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A posthumous recognition of Leon Ferrari’s „obsessions”.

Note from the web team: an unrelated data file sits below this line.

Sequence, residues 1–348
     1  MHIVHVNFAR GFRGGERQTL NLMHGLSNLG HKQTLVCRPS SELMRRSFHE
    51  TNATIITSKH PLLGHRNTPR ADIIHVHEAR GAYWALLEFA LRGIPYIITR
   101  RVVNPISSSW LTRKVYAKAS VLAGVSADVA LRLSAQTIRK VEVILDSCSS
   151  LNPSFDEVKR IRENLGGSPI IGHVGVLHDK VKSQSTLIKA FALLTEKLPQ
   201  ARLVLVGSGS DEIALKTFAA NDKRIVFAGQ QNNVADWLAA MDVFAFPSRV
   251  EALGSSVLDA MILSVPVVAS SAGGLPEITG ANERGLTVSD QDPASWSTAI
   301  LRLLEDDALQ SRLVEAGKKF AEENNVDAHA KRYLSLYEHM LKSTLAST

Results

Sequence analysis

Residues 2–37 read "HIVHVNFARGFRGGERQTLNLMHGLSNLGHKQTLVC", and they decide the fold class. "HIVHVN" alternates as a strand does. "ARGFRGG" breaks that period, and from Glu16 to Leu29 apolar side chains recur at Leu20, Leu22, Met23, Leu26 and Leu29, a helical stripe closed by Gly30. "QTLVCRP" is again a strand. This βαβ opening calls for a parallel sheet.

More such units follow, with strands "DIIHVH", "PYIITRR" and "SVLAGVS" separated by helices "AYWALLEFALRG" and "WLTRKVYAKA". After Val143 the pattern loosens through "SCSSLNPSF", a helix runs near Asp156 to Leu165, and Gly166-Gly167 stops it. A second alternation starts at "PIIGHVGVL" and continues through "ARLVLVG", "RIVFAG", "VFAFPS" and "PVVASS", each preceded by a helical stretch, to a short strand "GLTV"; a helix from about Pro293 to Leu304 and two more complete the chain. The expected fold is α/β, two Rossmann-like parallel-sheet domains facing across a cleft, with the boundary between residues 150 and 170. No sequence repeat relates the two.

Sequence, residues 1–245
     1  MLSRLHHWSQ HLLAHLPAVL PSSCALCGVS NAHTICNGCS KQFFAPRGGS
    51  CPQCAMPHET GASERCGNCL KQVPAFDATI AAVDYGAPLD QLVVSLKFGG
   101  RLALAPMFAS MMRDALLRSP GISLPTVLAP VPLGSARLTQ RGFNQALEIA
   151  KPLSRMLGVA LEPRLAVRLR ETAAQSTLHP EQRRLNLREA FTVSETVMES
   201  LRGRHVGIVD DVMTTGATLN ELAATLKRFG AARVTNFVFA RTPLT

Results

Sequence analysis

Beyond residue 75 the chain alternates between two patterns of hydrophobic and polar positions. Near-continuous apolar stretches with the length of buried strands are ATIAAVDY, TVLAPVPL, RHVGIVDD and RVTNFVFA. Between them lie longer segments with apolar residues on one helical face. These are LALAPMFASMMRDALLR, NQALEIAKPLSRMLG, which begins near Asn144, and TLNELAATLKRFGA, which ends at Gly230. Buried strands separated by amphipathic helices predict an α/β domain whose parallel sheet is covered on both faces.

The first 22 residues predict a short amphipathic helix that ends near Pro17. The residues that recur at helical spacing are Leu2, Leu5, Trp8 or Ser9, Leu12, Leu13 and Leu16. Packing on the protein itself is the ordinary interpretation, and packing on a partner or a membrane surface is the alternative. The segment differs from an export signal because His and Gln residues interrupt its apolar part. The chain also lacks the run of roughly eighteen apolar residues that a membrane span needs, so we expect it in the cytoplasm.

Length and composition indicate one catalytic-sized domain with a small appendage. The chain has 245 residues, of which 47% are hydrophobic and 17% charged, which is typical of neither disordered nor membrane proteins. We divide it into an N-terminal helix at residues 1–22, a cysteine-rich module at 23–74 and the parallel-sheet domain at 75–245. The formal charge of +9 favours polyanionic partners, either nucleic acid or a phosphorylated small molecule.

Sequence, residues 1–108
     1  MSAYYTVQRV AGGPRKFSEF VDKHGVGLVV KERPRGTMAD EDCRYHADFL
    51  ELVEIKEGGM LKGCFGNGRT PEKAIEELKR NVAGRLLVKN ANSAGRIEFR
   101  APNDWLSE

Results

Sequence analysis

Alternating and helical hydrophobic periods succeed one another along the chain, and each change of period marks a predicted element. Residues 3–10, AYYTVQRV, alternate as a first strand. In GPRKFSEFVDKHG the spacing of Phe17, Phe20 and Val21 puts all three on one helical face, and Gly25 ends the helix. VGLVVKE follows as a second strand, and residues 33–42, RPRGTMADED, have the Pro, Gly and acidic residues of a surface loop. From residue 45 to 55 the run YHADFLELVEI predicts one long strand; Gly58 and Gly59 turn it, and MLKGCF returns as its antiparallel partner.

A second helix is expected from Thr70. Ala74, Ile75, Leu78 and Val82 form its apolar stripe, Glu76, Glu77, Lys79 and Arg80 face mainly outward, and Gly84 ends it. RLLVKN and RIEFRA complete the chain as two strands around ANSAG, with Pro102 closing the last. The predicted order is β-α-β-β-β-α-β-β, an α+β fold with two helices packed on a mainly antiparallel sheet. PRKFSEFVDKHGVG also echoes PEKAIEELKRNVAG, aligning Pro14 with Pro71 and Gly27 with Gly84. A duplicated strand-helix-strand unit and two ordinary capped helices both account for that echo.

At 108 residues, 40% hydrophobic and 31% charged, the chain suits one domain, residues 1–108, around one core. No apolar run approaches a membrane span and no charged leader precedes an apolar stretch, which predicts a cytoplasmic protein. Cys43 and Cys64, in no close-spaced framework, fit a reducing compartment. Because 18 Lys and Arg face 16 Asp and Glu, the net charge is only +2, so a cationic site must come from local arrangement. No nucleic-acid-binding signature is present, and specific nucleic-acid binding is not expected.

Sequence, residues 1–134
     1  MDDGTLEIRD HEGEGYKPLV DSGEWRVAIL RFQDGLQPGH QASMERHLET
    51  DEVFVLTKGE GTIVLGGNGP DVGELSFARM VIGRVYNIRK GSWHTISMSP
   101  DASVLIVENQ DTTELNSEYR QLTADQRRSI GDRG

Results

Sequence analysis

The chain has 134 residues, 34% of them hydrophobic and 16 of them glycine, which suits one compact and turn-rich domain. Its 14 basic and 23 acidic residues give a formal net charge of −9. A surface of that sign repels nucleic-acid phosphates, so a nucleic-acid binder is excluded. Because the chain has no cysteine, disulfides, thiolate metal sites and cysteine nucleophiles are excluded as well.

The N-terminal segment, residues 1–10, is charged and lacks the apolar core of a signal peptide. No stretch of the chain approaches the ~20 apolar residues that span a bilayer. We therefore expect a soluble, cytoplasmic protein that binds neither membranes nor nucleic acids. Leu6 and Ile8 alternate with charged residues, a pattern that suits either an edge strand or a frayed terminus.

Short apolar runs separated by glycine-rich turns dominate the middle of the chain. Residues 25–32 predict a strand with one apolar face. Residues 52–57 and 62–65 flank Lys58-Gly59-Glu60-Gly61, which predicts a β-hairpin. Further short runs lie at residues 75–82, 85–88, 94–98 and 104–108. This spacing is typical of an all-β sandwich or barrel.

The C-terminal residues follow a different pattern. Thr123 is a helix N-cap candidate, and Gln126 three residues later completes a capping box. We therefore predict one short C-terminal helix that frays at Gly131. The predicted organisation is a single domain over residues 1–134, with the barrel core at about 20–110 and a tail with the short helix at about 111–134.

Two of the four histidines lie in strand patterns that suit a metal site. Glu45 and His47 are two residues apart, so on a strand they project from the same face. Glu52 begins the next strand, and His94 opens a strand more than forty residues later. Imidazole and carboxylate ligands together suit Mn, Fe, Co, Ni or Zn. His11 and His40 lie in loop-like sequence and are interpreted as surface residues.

Buenos Aires, May 17 (EFE).- Leon Ferrari (1920-2013), known for his provocation and extreme denunciations of power, is one of the most important Argentine artists of the 20th century, the owner of countless „obsessions.” A recent exhibition at the National Museum of Fine Arts in Buenos Aires features. Under the title „Recurrences,” the exhibition features nearly 250 works by the Buenos Aires artist, including his most controversial and censored work, „Western and Christian Civilization,” in which a crucified Christ is depicted on an American fighter jet. An allegory about the relationship between religion, politics and violence. „Leon Ferrari was an artist who crossed all borders and gained international recognition that makes us proud as Argentines. He has not seen the best exhibition at the National Museum of Fine Arts,” the museum’s director, Andrés Dubrat, admitted in statements. EFE. and Curator of the Exhibition. Organized in collaboration with the Augusto and Leon Ferrari Foundation, his works offer an archaeological journey through the most representative works of this artist to criticize the complicity of religion with the arbitrary, powerful and unequal nature of dictatorships. Contemporary life. In the exhibition, which runs until August 13, visitors can see some of Ferrari’s signature drawings, collages, engravings and ceramics, who maintained a more or less consistent thematic coherence throughout his career as an artist. „He was not an artist who closed themes, like Picasso, who went from one period, closed and went to another, on the contrary, he had certain obsessions throughout his life and he approached them in a different way”, insists Duprad. Responsible for producing programs with Cecilia Rabozzi. Scheduled for March 2020 and suspended due to the coronavirus pandemic, the exhibition aims to partially compensate for Ferrari’s absence from the Museo Nacional de Bellas Artes in Buenos Aires; In Duprat’s words, a „rather noiseless boycott” given the artist’s international status. „This is the most anticipated exhibition by us at the museum, but it is a shame that the entire Argentine art community (…) did not dedicate a private exhibition to Leon Ferrari when he was alive,” says the title of the company. Divided into four thematic axes, without pre-defined chronology, it „recombines” more than a century of Ferrari’s work (1960-2011), where „hope”, „humor” and „mischievous” are present. Characteristic of this artist. So, beyond „La Civilization Occidental y Christiana”—the piece that was highly praised by those who attended the opening—stands out are works like „Justice,” which shows an embalmed bird in a cage and a scale full of excrement below it. There was no shortage of criticism of the previous Argentine civil-military dictatorship (1976-1983), with newspaper clippings from the time suggesting crimes against humanity were already being committed; Or the Catholic Church, a constant in his work that brought him face to face with the highest ecclesiastical authorities, including the former Archbishop of Buenos Aires, Jorge Bergoglio, and the current Pope Francis. „He’s not a hermetic artist, and one has to get a PhD to see those works; instead, he has a very straightforward work that everyone can get at,” says Duprad, recalling Ferrari’s deep anti-war beliefs. , particularly, in his works against the Vietnam War. Ferrari’s decree of validity led to the opening of this exhibition to coincide with the 40th anniversary of the return of democracy in Argentina; One is based on the personal life of Leon Ferrari, who had to be exiled to Brazil and his son Ariel disappeared during the reign of terror. Four decades after these atrocities, Duprad insists that Ferrari’s work is still fully valid today because it affects issues that „still exist” today. „Today we have the war in Ukraine and Russia, the problem of immigrants in Europe, the problem of borders in the United States and Mexico … This work, in a way, helps to point out the same problems, I believe. , we are going to overcome”, says the director of the National Museum of Fine Arts. Javier Castro Bugarín (c) EFE Agency